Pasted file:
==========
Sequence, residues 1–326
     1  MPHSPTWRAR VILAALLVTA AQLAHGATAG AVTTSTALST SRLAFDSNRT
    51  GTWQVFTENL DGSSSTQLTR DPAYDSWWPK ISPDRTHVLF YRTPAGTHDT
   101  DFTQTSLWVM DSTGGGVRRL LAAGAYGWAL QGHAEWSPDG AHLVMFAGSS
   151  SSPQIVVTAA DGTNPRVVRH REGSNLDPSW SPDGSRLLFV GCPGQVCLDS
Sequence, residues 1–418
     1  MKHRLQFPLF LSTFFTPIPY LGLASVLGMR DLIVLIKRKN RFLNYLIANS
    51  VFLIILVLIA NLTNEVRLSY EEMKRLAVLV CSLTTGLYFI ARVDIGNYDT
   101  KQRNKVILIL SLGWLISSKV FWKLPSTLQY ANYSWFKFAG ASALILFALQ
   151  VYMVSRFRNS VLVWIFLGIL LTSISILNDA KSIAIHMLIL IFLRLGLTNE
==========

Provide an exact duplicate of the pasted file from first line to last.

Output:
Sequence, residues 1–326
     1  MPHSPTWRAR VILAALLVTA AQLAHGATAG AVTTSTALST SRLAFDSNRT
    51  GTWQVFTENL DGSSSTQLTR DPAYDSWWPK ISPDRTHVLF YRTPAGTHDT
   101  DFTQTSLWVM DSTGGGVRRL LAAGAYGWAL QGHAEWSPDG AHLVMFAGSS
   151  SSPQIVVTAA DGTNPRVVRH REGSNLDPSW SPDGSRLLFV GCPGQVCLDS
Sequence, residues 1–418
     1  MKHRLQFPLF LSTFFTPIPY LGLASVLGMR DLIVLIKRKN RFLNYLIANS
    51  VFLIILVLIA NLTNEVRLSY EEMKRLAVLV CSLTTGLYFI ARVDIGNYDT
   101  KQRNKVILIL SLGWLISSKV FWKLPSTLQY ANYSWFKFAG ASALILFALQ
   151  VYMVSRFRNS VLVWIFLGIL LTSISILNDA KSIAIHMLIL IFLRLGLTNE